Rage against the machine
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When The Normal Heart first opened in New York in 1985, theater critic Frank Rich unhappily learned that The New York Times insisted on running a short clarification at the end of his review to refute charges made against the newspaper in the play. At the heart of the issue was the number of stories allotted to the mysterious disease eventually labeled AIDS that primarily affected gay men in the early 1980s. But numbers are immutable, and the dispute could go factually no further than the Normal Heart saying the Times wrote about the disease only x times while the Times replied it had written about the disease as many as x times.
But the power of "x" is really in the why, which Larry Kramer saw as the press and politicians averting their eyes in distaste as a marginalized group got body-slammed. Kramer was in the vortex of the storm as young gay men began dying of a virus that had neither a name nor a known means of transmission. The Normal Heart, first staged in 1985, had several interlocked gears spinning concurrently that were political, personal, polemical, and prescient. The passing of time has added yet new facets.
In the moments of the first production, Kramer was all about getting action and getting it now, with some accusatory avenging thrown in. Kramer, and his stage alter ego Ned Weeks, had the loudest voice and most abrasive personality, attributes he takes pride in but that he also acknowledges got himself ejected from a group (the unnamed Gay Men's Health Crisis) as the revolution moved toward the establishment and needed to sand off its sharp corners. The Normal Heart gives us an insider's view of a leader who no longer fits within his creation, and Kramer's rage against the machine becomes a human story as well as an agitator's screed.
The production at ACT is a recreation of the recent Broadway revival, which surprised audiences with a propulsive energy that didn't need headline immediacy to sustain. Director George C. Wolfe, working within a simple set, punches out the scenes as if they were part of a thriller, political and sexual, which, in a fashion, they are.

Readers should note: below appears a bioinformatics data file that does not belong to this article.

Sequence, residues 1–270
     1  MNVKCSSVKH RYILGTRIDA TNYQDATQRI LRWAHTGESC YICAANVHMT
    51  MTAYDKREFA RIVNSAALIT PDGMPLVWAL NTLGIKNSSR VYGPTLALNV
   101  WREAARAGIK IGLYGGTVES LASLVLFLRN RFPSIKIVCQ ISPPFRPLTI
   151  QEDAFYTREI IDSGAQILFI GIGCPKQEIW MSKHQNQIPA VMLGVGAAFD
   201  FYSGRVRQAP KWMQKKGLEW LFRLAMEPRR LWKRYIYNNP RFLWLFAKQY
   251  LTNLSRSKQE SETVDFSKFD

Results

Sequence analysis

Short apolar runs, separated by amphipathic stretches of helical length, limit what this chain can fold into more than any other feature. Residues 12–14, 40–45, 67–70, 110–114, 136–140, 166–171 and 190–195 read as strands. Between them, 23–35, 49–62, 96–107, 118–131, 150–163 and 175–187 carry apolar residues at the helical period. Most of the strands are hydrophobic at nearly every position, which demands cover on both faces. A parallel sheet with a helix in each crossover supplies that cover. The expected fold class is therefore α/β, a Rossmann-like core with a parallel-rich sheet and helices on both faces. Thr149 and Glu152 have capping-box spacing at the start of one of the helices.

In an irony worthy of cruelly capricious Greek gods, a population that was still reveling in a newly-born sexual freedom learned that this freedom could be lethal. "Why didn't you guys fight for the right to get married instead of the right to legitimize promiscuity?" Weeks asks of his colleagues. Kramer and his stage counterpart earned few fans from the emancipated when he suggested that gay men abstain from sex until the virus was better understood. Sensible, perhaps, but a libidinal impossibility, and the uneven embrace of "safe sex" continues to this day.
The ACT cast creates an accomplished ensemble, with members coming mainly from the Arena Stage production in Washington, D.C. that was intended to be part of a national tour that so far only includes San Francisco. As Ned Weeks, the Kramer character, Patrick Breen gives a fierce, focused performance that commands any scene he is in. Another formidable performance comes from Jordan Baker, a renegade physician fighting against the medical establishment as she gets an insider's look at the new disease.
As audiences leave the theater, they are handed a typed letter from Kramer to help put the proceedings in contemporary context, including the deaths of many of the men represented in the play, as well as the actors who portrayed them in the original production. At 77, Kramer is an elder statesman, but he is not a mellow one. "Please know that this is a plague that need not have happened," he writes. "Please know that this is a plague that has been allowed to happen."
The Normal Heart will run through Oct. 7 at ACT. Tickets are $20-$95. Call 749-2228 or go to www.act-sf.org.